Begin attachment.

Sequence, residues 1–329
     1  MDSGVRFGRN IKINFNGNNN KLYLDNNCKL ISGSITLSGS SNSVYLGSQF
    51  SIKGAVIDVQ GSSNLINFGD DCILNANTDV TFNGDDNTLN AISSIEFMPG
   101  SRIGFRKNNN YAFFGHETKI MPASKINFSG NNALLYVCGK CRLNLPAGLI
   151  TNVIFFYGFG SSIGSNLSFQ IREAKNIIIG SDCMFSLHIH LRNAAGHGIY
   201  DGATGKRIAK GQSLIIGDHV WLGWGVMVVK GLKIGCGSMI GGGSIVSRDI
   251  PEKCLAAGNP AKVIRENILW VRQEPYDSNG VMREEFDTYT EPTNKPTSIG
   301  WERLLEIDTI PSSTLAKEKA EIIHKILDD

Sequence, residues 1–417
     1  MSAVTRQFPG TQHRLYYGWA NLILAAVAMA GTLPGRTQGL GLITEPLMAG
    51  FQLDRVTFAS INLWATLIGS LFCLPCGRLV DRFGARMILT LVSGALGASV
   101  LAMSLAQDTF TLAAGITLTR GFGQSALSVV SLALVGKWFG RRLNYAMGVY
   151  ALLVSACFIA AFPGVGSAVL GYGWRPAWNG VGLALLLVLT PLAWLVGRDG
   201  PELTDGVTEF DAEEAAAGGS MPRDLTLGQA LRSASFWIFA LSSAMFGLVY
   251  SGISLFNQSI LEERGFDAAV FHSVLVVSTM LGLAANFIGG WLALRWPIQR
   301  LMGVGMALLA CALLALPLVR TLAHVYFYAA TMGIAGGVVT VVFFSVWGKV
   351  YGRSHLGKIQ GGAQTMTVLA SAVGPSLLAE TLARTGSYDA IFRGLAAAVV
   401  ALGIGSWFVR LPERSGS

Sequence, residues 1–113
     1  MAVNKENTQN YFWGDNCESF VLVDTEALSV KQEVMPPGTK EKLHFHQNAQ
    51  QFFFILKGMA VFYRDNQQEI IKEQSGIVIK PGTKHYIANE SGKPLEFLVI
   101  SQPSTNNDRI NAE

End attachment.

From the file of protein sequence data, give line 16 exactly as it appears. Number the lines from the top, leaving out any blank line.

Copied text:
   301  LMGVGMALLA CALLALPLVR TLAHVYFYAA TMGIAGGVVT VVFFSVWGKV